Now that that's settled, can we please talk about something else?


Blogger Marge Marshall said...

I just read your blog and couldn't agree more. As near as I know, I have just one hangup about sex. I think my sex life is my private business, and other peoples' is their own affair. Too bad we are baggered by T.V.. etc. However, I don't expect anyone else to follow my beliefs along this line. Maybe it is called minding my own business.

11:44 AM  
Anonymous Ron R said...

My goodness, but what a twisted web we weave. You know, I've been a part of the "We can do what we want crowd," for all of my life and I've *never* seen anyone from that crowd argue for the rights you've so properly rallied against.

Consent required before sexual activities take place? Check. You won't find a single accepted member of the "sex is natural," group who would argue otherwise. Folk have to take responsibility for the biological consequnces of their actions? Check. It's the sex people who have been advocating both the use of condoms and education on same for many years, while those who want to legally restrict sexual activity are firmly behind the efforts to limit folk's ability to protect themselves from biological infection or pregnancy. Sex in public spaces? Other than maintaining the clothing optional nature of previously nude beaches I can't think of a single example of a legal action around the "right," to have sex in public.

See, Beverly, the thing that bothers me about your blog is that it shows just how poorly the "it's our right," crowd has communicated their efforts. No one on that side of the coin is advocating for anything other than the right to do what they want, with those consenting folk they want, in private spaces. I've never seen anyone demand the right to "do whatever they wanted with their genitals." But you've somehow got the idea that folk want to screw drunk minors in public while infecting them with STDs without social condomnation. The only folk asking for such things are the extremes, and both sides got 'em. If you want to let the National Boy Love Association define the sex community then you've got to let the women enslaving Mormon sets define all christian attitudes on sexual control.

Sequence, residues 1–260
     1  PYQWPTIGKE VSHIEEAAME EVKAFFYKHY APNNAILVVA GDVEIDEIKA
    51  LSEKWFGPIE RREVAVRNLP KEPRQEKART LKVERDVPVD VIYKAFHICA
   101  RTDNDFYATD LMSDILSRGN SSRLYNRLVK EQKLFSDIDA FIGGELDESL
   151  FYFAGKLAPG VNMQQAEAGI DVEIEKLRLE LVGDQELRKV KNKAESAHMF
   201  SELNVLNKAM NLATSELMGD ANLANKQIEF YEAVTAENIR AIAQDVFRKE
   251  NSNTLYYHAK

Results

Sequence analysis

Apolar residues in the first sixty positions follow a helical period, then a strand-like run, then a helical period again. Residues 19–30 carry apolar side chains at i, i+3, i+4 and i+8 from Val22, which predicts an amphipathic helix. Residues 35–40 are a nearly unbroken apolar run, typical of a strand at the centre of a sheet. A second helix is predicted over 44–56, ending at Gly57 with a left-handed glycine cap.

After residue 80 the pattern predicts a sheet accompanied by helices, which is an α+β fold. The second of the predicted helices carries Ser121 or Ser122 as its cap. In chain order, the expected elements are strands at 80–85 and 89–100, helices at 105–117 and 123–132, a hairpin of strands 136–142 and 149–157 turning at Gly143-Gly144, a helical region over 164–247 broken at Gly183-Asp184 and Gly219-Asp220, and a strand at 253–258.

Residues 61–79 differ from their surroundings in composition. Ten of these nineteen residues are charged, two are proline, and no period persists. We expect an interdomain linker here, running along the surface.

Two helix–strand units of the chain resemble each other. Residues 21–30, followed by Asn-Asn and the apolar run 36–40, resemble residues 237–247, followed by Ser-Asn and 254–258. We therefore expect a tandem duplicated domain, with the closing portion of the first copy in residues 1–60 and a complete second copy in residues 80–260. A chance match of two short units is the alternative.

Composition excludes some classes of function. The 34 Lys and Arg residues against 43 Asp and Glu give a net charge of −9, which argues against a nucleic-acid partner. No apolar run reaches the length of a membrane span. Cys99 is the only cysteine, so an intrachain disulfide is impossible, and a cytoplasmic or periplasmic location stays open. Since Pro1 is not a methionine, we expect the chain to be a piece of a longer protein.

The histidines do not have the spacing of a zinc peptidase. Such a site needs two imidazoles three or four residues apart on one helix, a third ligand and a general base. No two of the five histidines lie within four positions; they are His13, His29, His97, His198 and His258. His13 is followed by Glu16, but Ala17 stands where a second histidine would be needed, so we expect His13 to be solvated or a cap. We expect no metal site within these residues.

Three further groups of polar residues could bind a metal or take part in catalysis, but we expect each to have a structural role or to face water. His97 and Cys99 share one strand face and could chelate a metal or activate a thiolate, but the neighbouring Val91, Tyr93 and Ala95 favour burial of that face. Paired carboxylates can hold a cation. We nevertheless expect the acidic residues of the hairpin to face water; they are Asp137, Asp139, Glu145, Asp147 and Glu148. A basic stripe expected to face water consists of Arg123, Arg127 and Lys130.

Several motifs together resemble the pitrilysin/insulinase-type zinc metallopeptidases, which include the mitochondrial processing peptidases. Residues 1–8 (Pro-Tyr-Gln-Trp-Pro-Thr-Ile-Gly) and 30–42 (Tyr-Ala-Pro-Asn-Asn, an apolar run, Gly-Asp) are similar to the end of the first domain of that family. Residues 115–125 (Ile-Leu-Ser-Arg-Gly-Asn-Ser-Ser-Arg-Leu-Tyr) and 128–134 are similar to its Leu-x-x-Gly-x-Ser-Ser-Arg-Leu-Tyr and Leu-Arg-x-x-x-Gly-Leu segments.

Instead those "loud voices," on the "sex side," I've heard want to be able to gather in private spaces without being arrested. That's something like the right to peacable assemble. We want the right to buy and sell sex toys without going to jail. But the U.S. supreme court just refused to give us that right. We want the government to be involved with sex just enough to make sure everyone involved gave consent, and that no one has to watch what happened. It's the other side that wants to criminalize oral sex, same sex contact, masturbation with sex toys, commerical sex, sexual conversation, sexual entertainment, and so on.

I'd love to see you take on the actual reasoning of the side advocating criminalizing private consentual adult sexual behavior with the same kind of vigor you just addressed a bunch of imaginary goals and desires attributed to the "loudest voices," on the side of decriminalizing those behaviors. In other words, spend a few paraghaphs on why passing laws saying folk who sell dildos at private parties should go to jail is silly, why don't you? Or that spending money arresting prostitutes who ply their trade in private spaces is a waste of resources. The few you've spent on why consent is important are accurate and reflect an attitude all but universally shared. But the idea that the government ought not to restrict private, consensual, sexual behavior is contrivorsial here in the U.S.

And, no, as long as folk are jailed, beaten, and shamed for making those private, consensual, sexual choices we can't be quiet about it. Sorry for the bother.

11:45 AM  
Blogger Beverly Marshall Saling said...

Ron, sweetie, don't get your knickers in a knot. If your crowd isn't arguing for the right to "screw drunk minors," etc., then they're not the ones I'm after. (Although I agree with you that your crowd's primary problem is its failure to successfully differentiate itself from these "bad guys." The fact that you assume my assault on irresponsible sex is an assault on the sex-positive community means even you have trouble telling the difference, I might point out.)

I am, in fact, addressing the extremes here--NAMBLA, the Mormons, and all--because like it or not *they* are the loudest voices. Sexual extremism is a very shiny object and always gets the most press. (That's why the religious sexual morality stories are always about Southern evangelicals clamoring for abstinence-only sex ed instead of Catholic groups challenging the pope on birth control policy.) And I'm not "taking on the reasoning" of either extreme because I frankly don't think either side has much of any.